22 Nov Brands & tough times
When the economy gets tough and shrinks, one is often tempted to cut prices or strip the marketing budget. You may well have to trim your marketing budget but rather spend time figuring out what you will be doing differently. You could find that you can get away with less but achieve so much more.
Brand strategy review
A brand review or refresh does not necessarily mean that you design a new logo and incur the costs that go with this. What it does need is understanding whether your brand has the right meaning in the market – times have changed for your customers, their behaviour and attitudes have changed. Are you saying the right things? Are you positioned correctly? Well, you need to know. Imagine spending your reduced marketing budget saying things on your website, Google Ads, sales pitches, advertising etc which no longer resonates with your audience. Whatever your marketing budget is, 100% of it needs to resonate with and be relevant to your audience.
Product & process innovation
A decent brand review will give you a good sense of what you need to do next.
Whether you are operating in a B2B or B2C environment, it is never going to be just about price and this principle applies equally in good and bad economic times. How is it possible that, depending on your audience, hundreds, thousands or even millions of people ALL think exactly the same?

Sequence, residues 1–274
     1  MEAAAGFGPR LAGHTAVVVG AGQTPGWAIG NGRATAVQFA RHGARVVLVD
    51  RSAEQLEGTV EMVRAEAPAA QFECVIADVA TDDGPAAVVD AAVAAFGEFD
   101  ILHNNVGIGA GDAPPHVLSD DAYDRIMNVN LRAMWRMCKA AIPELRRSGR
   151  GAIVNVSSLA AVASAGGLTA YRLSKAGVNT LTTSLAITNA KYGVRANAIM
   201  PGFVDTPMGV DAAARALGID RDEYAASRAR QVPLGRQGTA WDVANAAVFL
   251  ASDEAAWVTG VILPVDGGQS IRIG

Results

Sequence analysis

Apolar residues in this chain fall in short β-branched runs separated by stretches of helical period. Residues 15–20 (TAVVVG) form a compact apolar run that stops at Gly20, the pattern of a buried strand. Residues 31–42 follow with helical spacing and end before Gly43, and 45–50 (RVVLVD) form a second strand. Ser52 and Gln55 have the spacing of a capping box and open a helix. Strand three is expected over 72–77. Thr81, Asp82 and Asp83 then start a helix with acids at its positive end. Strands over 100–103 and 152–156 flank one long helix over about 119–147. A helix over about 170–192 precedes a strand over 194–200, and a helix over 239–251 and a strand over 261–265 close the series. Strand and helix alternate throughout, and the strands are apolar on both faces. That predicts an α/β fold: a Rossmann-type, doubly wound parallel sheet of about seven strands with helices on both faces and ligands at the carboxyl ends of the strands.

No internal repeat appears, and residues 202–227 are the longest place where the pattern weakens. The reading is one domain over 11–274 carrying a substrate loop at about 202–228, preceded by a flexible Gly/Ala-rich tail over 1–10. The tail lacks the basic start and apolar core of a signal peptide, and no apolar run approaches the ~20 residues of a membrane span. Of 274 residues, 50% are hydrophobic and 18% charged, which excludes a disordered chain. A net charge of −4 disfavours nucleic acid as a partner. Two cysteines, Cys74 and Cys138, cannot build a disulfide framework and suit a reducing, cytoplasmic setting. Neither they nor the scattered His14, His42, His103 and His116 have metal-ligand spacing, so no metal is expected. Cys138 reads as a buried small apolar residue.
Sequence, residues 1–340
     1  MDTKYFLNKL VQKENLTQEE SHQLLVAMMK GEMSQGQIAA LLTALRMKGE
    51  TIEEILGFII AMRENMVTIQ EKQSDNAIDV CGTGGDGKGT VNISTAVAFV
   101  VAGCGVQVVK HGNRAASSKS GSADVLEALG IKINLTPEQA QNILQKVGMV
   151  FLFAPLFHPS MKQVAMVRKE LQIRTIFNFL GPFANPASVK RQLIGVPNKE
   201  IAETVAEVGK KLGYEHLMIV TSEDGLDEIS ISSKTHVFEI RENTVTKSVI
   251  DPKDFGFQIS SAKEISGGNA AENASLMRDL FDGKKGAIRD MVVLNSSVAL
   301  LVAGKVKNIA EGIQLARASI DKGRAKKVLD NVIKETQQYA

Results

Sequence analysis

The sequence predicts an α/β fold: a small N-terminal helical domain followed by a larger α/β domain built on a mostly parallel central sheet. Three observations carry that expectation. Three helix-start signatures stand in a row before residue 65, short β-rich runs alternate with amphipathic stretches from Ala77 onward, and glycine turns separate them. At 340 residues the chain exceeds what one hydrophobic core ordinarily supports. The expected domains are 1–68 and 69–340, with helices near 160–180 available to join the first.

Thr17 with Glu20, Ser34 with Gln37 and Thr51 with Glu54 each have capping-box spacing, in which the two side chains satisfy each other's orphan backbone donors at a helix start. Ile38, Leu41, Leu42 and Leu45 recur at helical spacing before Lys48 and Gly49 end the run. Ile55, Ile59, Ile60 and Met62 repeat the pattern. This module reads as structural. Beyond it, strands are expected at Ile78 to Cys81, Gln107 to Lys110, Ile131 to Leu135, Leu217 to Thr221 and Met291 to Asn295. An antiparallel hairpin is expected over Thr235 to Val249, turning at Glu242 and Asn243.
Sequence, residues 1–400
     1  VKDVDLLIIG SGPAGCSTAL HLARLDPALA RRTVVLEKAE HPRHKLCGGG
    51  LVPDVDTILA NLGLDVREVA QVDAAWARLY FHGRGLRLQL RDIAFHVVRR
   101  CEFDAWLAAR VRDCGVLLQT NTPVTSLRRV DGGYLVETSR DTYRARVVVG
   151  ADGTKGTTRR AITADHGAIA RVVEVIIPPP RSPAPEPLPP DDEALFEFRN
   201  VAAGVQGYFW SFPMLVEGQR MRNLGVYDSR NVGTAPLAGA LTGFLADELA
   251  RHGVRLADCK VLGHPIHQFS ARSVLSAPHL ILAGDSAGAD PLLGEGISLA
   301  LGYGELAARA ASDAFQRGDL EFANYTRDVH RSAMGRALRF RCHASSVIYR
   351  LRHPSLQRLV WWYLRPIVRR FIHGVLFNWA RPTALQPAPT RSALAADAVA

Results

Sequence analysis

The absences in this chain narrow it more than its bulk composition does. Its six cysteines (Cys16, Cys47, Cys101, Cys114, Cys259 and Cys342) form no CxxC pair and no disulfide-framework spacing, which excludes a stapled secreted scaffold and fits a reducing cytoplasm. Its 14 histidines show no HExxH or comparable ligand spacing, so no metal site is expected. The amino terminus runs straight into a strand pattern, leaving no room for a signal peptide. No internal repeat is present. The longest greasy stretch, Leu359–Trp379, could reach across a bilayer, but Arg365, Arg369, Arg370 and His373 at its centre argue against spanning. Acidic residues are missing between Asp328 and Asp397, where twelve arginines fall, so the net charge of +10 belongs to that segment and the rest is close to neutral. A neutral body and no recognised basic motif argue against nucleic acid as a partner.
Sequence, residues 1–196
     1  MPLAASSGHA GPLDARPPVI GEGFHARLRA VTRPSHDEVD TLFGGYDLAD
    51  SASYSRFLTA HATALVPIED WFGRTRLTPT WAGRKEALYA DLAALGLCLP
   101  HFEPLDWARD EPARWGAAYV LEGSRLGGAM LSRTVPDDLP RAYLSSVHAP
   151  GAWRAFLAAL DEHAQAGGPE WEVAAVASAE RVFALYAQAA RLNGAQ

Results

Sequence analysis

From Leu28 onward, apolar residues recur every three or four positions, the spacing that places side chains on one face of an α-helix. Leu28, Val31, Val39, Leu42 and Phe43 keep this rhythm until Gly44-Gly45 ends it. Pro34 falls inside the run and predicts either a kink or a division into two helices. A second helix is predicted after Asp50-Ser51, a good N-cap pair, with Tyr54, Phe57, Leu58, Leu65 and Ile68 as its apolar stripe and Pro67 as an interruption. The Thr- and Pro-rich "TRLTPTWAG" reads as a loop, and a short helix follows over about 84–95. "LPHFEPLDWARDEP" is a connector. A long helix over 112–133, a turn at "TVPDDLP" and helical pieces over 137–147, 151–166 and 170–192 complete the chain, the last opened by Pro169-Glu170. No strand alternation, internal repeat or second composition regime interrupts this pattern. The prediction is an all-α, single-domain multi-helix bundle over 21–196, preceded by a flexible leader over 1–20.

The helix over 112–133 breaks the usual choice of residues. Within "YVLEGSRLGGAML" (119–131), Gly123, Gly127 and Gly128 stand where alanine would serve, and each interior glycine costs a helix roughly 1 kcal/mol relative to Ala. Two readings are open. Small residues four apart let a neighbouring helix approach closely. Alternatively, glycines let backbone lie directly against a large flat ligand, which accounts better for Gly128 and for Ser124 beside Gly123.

So while price is always important to many, others might be more concerned with value, convenience, durability etc. and even the whole experience. Start looking at how your processes encourage or discourage your customers to buy from you. Give them good reasons to come to you other than price. When you start innovating based on customer experience, you will often find that you save money in the processes as well. Go the whole hog and look at your entire value chain.
The old brand mantra of “differentiate or die” is true, especially when companies are dying all around you. Do something different. Say something different. Mean something different. Be something different. But never let your difference lie only in some superficial clever strap line or copy. It must be authentic because that “difference” must be experienced.
The way that you differentiate will flow from your brand strategy into product and process innovation, through your people and into the market. Parallel to this tangible side of the brand will be your communications which tells the story and accentuates the experience.
In its simplest form, picture 10 products in a line. All the same reduced price. How on earth will the customer choose yours. So even if you are price-cutting, you still need to differentiate.
In summary, if you have to reduce your marketing budget then do so but make sure that whatever budget you have available does not pursue same-old strategies as they might not have been right in the first place. Be clear that your brand resonates 100% with your audience. In fact, the principles applied here are relevant for both good and bad times.